The 5 Most Common Types of Toxic Employees and Why They Can Wreak Havoc on Your Culture
How to deal with a toxic employee before bad behaviors turn into bad habits.
As HR professionals and business leaders, you work hard every day to create a work environment and company culture that drives productivity, boosts engagement, and supports employee happiness. This is critical for running a successful business for the long-term.
No one ever wants to work in a toxic environment—and for good reason. It creates emotional stress, increases apathy, and literally sucks the joy out of the air. That's why its not uncommon for employee turnover to skyrocket in companies where toxicity prevails, regardless of the source: from oppressive managers to team members who don't pull their own weight to abusive senior leaders (and everything else in between). Good work and great results are never a byproduct of a negative work environment. Never.
Here's why this matters as well as why you should care. You've taken the time and used valuable resources to recruit, interview, hire, and train your employees—most of them chosen to fill a specific role because they are the best at what they do. Therefore, its up to you to continue nurturing them to succeed and thrive in the workplace.
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How HR can win in the Skills Economy: Ageas case study
In this 30-minute session, Cindy Canoot, HR Manager and PMO for HR Technology, Processes and Analytics at Ageas will share with you some best practices and ideas to thrive in the skills economy.
The Impact of The Skills Economy on Organisations Today
Spotlight on Electrolux and Ageas: Preparing for and maintaining impactful learning programs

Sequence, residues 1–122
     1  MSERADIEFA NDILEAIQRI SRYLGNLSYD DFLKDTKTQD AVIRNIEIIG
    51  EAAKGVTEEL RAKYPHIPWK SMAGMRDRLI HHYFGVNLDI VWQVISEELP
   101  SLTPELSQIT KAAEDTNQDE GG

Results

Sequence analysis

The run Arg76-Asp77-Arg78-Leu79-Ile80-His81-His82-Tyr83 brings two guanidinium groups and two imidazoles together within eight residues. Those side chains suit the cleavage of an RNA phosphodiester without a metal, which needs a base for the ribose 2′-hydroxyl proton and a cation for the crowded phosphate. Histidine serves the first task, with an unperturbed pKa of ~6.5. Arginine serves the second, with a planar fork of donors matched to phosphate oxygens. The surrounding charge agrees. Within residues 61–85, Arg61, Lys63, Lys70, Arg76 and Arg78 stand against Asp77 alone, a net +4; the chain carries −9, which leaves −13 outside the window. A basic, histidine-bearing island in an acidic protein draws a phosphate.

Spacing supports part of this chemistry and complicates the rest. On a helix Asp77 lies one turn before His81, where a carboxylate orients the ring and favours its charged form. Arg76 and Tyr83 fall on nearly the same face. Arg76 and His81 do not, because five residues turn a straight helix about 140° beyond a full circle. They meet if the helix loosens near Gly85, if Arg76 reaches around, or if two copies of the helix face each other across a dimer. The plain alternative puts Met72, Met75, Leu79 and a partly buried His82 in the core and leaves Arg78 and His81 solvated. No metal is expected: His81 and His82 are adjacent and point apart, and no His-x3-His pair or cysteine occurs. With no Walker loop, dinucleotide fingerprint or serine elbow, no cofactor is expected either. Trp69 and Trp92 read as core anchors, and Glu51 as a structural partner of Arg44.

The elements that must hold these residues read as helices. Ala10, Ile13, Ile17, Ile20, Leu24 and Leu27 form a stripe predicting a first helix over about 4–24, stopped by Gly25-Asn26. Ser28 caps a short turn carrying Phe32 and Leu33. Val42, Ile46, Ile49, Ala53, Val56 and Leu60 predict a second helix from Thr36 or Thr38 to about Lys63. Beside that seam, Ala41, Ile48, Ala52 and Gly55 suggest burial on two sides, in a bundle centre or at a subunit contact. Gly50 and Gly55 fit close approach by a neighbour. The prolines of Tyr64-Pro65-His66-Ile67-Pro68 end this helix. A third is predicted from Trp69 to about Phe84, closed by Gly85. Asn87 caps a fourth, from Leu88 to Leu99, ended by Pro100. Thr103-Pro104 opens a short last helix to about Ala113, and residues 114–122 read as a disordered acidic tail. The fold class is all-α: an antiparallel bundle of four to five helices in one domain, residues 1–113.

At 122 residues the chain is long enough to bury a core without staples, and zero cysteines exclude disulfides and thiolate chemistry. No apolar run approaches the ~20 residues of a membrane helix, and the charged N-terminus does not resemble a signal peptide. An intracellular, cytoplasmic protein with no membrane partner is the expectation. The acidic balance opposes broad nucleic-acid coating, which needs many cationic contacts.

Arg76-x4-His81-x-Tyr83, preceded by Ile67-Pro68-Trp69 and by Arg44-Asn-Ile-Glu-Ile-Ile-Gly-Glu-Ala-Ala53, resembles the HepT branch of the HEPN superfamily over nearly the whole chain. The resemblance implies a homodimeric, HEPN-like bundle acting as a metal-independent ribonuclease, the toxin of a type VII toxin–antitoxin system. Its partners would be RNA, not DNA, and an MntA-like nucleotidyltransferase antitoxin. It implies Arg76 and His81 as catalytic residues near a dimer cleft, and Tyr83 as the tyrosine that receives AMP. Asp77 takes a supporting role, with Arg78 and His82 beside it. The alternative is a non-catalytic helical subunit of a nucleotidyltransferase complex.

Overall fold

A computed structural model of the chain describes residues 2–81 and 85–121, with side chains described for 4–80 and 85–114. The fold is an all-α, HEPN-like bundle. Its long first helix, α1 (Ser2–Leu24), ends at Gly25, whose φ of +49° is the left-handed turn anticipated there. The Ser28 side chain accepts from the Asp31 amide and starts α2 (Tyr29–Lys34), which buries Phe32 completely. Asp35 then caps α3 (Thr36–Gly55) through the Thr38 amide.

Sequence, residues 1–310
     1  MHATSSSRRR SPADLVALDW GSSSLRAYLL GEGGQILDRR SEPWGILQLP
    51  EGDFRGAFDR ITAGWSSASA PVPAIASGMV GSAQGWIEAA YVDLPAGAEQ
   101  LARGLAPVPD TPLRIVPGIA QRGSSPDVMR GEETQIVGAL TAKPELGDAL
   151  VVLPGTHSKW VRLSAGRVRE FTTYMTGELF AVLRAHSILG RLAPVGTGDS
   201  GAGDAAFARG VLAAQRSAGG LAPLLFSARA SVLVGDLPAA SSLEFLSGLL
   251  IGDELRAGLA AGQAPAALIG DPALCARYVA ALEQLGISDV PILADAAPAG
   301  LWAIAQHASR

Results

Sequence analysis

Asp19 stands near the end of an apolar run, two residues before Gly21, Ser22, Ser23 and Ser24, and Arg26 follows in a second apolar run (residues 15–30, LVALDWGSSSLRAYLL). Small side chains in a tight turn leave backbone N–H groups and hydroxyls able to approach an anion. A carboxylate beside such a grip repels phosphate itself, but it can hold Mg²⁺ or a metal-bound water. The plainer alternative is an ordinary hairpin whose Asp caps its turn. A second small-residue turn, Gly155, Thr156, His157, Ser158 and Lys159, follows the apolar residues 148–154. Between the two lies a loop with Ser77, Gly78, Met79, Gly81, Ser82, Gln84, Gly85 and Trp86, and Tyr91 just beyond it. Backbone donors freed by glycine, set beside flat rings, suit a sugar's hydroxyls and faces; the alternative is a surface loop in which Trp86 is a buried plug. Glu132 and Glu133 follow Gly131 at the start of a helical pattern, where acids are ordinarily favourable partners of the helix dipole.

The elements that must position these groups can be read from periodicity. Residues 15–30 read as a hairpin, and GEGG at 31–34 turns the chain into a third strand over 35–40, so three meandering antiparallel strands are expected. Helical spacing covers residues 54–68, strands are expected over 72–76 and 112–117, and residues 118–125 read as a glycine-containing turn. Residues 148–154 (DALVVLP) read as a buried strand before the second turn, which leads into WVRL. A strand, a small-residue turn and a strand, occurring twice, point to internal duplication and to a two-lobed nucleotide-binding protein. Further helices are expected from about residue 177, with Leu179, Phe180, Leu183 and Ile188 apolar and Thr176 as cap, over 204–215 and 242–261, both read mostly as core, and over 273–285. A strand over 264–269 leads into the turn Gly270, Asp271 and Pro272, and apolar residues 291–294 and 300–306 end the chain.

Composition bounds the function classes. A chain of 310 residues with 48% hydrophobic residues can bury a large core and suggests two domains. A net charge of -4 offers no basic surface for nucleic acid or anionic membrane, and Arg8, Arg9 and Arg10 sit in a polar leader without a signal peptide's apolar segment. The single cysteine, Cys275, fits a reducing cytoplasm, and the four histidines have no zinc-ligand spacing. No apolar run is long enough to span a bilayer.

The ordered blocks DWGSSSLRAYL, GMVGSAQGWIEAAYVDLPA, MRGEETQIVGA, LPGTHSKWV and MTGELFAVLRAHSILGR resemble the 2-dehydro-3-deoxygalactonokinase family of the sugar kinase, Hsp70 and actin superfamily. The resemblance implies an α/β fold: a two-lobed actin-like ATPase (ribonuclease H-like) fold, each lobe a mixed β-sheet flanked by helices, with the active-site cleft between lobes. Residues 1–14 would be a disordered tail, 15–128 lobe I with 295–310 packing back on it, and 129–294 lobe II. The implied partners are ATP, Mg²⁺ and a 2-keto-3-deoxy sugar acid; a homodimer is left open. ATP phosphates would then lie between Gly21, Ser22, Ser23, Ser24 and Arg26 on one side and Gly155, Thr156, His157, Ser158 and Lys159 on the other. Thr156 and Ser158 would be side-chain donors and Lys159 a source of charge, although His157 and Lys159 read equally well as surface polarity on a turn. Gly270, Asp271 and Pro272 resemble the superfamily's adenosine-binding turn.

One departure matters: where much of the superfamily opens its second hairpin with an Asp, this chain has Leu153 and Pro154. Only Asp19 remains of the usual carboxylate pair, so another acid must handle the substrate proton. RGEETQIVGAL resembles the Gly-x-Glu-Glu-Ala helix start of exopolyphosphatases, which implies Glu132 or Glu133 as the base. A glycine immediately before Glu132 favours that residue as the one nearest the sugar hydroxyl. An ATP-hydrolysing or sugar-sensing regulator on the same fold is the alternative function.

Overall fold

Driving business outcomes from an investment in learning content requires an engagement strategy that makes learning materials available and accessible to employees. Organisations need to launch and maintain learning programmes effectively to ensure they have maximum impact on both employees and the business as a whole. Both Ageas and Electrolux have successfully launched digital learning programmes, each taking steps to maintain and sustain engagement. How did Electrolux prepare to launch its learning campaign? Electrolux manages organizational learning and knowledge management with formal learning networks, Internet-based knowledge, as well as a company-own education facility. Learner engagement is one of the most important aspects for Electrolux to continuously develop talents. Therefore, Electrolux offers a plan for a learner engagement campaign that includes four main steps. 1. Knowing your audience Electrolux conducted interviews with employees to ensure the company’s learning and development strategy would meet their needs. In doing so, the company was able to connect learning content with the right audience. 2. Connecting it to your brand Electrolux believes using familiar, consistent branding helps make learning more memorable to create a long-term impact on its employees' behaviours. 3. Make it relevant and engaging Based on external and internal insights, Electrolux discovered that more frequent quarterly learner programmes cultivated higher levels of employee engagement than one large campaign launch. Employees were also awarded badges for each completed course, with leader boards to gamify the learning experience and motivate employees to participate. 4. Track performance for key insights Electrolux tracked and used metrics from the programme to gain deeper insights about its course completion rates. Using a previous campaign as a benchmark, Electrolux found that the success of their new learning strategy exceeded expectations. How did Ageas build an impactful learning content strategy? Ageas launched its digital learning platform two years ago but has always been conscious not to overwhelm employees with its vast library of learning material available. Ageas adopted a three-pillar strategy to reduce unnecessary noise and guide its people to the right learning content to spur their growth and development. 1. Generate one voice Key messages were planned each month from business, wellbeing and learning perspectives. These key messages were conveyed through links and content shared on Ageas’s digital platform to ensure messaging was aligned and consistent. 2. Make it relevant Ageas created its own competency framework to guide learners and help connect them with the most relevant learning materials. One such framework is “Technical Heroes”, which consists of nine core competencies that employees see right away on the landing page, each with links to relevant materials. By specifying the key areas of development and making learning material easy to access and navigate, learners are able to focus on what is most relevant to them. 3. Weave learning content into the digital onboarding journey Ageas has integrated its remote onboarding processes into the digital learning platform. Leveraging a combination of suggested learning materials (specific to the job or function of the employee) and live induction sessions has enabled a smoother, more consistent onboarding process. The impact of a successful learning strategy Investing in the best learning materials is only half of the equation. If learners are not interacting and engaging with the materials, the investment is not accomplishing its purpose. Learning must be at the core of every business decision, and leaders must inspire employees to take charge of their own development journeys. With a collective growth mindset throughout the business, the opportunities for innovation are vast.